portscanner-for-windows-7-matrix

Shhh… German Paper Reveals GCHQ’s Hacienda Program for Internet Colonization

The German news site Heise Online revealed late last week that British intelligence agency GCHQ has a “Hacienda” program to search for vulnerable systems across 27 countries that could be compromised by the British agency and its spy-counterparts in other countries, including the US, Canada, Australia and New Zealand.

Hacienda

The GCHQ reportedly used port scanning, which hackers used to find systems they can potentially penetrate, as a “standard tool” against the entire nations it targeted.

“It should also be noted that the ability to port-scan an entire country is hardly wild fantasy; in 2013, a port scanner called Zmap was implemented that can scan the entire IPv4 address space in less than one hour using a single PC,” according to Heise.

“The list of targeted services includes ubiquitous public services such as HTTP and FTP, as well as common administrative protocols such as SSH (Secure SHell protocol – used for remote access to systems) and SNMP (Simple Network Management Protocol – used for network administration).”

Hacienda27countries

The same argument holds for those who still harbor the self-comforting thought of being “nobody”, “just an ordinary law-abiding citizen”, “small potato”, etc and thus not a surveillance target: it may not be you that they are interested but the people you “know”, “work with”, “chat with”, “befriend with”, “live with”, etc.

“Using this logic, every device is a target for colonization, as each successfully exploited target is theoretically useful as a means to infiltrating another possible target” and “Firewalls are unlikely to offer sufficient protection”, said the Heise report.

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Message+in+a+bottle

Shhh… New Secure NSA-Proof Chat & Messaging Solutions like Bleep and Tox

If you are looking for Skype-alternatives because you are concerned with reports of its security issues – given Skype’s alleged “background” problems and refusal to reveal its encryption method – then take comfort that there are a host of options available you’ll be spoiled with choices.

Most recently BitTorrent, best associated with making the peer-to-peer (P2P) software that allows users to download the same file from multiple sources simultaneously, has announced the launch of a pre-alpha version of its secure chat and voice-message service called BitTorrent Bleep.

Bleep

In order to counter mass surveillance and eavesdropping, Bleep enables users to make calls and send messages over the Internet without using any central server to direct traffic. What BitTorrent did was to apply the same P2P technology used for decentralized file sharing to Bleep so there is no way one could track and peep at the conversations. In essence, Bleep is a decentralized communication platform specifically designed to protect user metadata and anonymity.

And in short, every messages a user sent out is just a “Bleep” to the recipients. Sounds good? The only problem for now is that Bleep is currently limited to Windows 7 or 8 users, although there will be support for more operating systems later.

On the other hand, there is also TOX, a Free and Open Source Software (FOSS – ie. one can verify its code, unlike Skype) initiative and secure alternative to an all-in-one communication platform that guarantees full privacy and secure message delivery.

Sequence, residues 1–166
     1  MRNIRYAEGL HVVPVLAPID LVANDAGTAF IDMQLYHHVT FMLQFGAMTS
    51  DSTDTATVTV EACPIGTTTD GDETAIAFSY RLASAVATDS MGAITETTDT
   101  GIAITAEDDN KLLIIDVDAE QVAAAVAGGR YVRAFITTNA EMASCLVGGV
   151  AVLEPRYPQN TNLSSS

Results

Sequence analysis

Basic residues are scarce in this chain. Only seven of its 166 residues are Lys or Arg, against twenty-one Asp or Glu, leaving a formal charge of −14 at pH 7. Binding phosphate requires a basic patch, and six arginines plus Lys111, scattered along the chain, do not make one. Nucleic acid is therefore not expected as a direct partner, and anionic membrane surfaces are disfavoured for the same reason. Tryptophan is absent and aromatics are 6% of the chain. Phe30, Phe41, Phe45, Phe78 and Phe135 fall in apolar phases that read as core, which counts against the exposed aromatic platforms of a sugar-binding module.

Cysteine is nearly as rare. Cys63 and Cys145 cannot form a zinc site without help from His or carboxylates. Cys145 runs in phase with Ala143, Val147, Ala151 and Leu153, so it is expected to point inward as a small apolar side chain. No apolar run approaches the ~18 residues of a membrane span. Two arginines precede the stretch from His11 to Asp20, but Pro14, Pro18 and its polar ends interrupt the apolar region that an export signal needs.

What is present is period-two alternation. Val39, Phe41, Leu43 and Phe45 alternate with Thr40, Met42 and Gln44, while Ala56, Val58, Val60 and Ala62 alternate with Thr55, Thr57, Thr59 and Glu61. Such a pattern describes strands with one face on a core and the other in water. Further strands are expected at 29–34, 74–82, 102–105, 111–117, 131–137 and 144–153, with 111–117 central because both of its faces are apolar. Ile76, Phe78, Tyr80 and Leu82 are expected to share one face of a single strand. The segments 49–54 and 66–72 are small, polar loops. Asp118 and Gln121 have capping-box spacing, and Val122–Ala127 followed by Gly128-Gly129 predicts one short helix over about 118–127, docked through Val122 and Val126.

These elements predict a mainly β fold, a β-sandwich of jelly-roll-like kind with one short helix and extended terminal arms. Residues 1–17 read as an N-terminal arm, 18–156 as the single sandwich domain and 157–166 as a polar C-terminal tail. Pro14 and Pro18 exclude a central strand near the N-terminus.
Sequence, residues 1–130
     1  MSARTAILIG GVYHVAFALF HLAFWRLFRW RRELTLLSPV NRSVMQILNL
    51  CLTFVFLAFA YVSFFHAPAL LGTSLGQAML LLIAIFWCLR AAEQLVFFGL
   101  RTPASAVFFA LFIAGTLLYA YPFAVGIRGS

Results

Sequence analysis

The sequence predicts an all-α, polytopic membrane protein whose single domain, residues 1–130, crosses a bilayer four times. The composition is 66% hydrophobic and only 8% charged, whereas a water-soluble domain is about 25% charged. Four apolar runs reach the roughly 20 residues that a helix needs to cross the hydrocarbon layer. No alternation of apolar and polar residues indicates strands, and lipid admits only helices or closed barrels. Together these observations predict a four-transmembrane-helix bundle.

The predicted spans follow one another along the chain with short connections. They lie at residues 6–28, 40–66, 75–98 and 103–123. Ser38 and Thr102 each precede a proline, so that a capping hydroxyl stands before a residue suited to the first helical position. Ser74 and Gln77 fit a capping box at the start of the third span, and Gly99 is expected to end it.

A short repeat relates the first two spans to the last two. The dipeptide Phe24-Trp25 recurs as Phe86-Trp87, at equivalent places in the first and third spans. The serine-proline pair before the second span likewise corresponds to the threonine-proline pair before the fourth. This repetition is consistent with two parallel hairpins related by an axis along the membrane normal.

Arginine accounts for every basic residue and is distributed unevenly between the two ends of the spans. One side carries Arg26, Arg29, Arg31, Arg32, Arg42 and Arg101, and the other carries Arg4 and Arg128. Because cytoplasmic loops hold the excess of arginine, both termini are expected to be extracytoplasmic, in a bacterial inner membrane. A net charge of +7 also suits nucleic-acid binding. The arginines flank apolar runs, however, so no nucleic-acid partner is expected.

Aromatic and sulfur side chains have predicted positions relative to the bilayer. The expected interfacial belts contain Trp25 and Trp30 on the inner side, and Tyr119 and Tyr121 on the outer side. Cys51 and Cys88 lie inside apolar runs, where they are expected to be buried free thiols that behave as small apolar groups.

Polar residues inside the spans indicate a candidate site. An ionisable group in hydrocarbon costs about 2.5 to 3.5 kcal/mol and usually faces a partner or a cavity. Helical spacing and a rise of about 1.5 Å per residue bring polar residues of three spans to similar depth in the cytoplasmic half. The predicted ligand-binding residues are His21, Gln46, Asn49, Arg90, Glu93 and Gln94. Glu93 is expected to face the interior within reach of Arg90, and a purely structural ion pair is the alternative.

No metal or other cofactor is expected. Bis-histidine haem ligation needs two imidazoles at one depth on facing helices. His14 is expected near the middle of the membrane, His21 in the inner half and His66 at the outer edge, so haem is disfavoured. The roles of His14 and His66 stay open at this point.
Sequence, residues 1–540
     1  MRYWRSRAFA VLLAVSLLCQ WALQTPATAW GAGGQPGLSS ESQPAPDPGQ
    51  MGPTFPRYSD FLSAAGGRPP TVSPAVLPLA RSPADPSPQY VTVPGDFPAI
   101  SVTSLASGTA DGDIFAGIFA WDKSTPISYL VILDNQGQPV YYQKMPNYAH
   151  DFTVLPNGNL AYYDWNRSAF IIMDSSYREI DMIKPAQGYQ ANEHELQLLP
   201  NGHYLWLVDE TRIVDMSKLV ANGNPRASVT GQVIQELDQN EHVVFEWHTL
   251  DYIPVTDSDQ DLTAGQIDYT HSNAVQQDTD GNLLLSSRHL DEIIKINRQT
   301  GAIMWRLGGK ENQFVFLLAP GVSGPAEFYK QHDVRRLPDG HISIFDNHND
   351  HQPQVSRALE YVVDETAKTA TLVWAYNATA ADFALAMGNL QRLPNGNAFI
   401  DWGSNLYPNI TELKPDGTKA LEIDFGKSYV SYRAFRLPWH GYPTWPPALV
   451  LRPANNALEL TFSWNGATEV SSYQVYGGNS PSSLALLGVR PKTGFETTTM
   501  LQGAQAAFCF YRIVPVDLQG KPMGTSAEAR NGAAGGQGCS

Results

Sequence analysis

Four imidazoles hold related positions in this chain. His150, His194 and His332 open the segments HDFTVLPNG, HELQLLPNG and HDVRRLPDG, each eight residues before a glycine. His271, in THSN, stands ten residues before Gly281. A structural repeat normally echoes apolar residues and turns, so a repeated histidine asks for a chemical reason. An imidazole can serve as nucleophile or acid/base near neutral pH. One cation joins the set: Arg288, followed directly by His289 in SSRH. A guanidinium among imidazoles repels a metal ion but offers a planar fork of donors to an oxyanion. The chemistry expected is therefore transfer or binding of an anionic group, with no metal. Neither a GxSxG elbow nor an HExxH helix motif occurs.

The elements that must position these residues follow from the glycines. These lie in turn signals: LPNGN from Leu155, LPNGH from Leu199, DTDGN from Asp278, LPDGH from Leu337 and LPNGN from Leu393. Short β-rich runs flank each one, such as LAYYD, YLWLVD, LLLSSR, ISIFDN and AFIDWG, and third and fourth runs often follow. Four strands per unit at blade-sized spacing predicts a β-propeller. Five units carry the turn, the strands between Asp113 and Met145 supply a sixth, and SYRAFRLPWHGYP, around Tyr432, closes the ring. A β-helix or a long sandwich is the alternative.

TOX

Tox takes pride in being a configuration-free P2P Skype replacement.

“Configuration-free means that the user will simply have to open the program and without any account configuration will be capable of adding people to his or her’s friends list and start conversing with them,” according to the TOX homepage.

And finally, here’s a list of ten other Skype alternatives to explore.

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2Snowden-Bolshoi

Shhh… NSA Missed Snowden’s Clues

The NSA had all along claimed Snowden stole 1.7 million files but Snowden told WIRED in an exclusive interview that there were apparently much more as the agency somehow missed his “digital bread crumbs“.

“I figured they would have a hard time,” Snowden said of his evidence trail. “I didn’t figure they would be completely incapable.”

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AllThePresident'sMen

Shhh… Obama’s CIA Watergate?

This year August 9 marked the day Richard Milhous Nixon resigned as the 37th US President back in 1974 and the Discovery channel aptly aired its documentary “All the President’s Men Revisited” that day to mark the 40th anniversary of the Watergate.

Redford-Hoffman

I watched the 1976 classic “All the President’s Men” countless times during my newsroom days as a commercial crimes investigative reporter – and eventually won the 2005 SOPA award for one of my exposé thanks to this inspiring and fascinating “violent” movie, as Robert Redford the narrator in the documentary put it.

And I can’t help wondering: does the movie have any relevance today?

Obviously President Barack Obama is not President Nixon. The former has not been impeached like the latter. But the recent CIA spying on the Senate is exactly the present day equivalent, with some cyber elements of course, of the Watergate break-in.

Professor Bruce Ackerman of Yale University is right when he wrote that Obama “is wrong to support the limited response of his CIA director, John Brennan, who is trying to defer serious action by simply creating an “accountability panel” to consider “potential disciplinary measures” or “systemic issues.””

CIA Director John Brennan apologized to the Senate Intelligence Committee earlier this month when he admitted his agency not only spied on computers used by its staffers but also read the emails of the Senate investigators involved in investigating the controversial post 9/11 CIA interrogation and detention program.

Senate committee members were certainly not impressed even though Obama continued to support Brennan as a “man of great integrity”.

With continued failure to live up to his promise of a more transparent government, Obama is increasingly tainting his leadership to put himself in the history books for all the wrong reasons – probably not as bad as Nixon but only time will tell.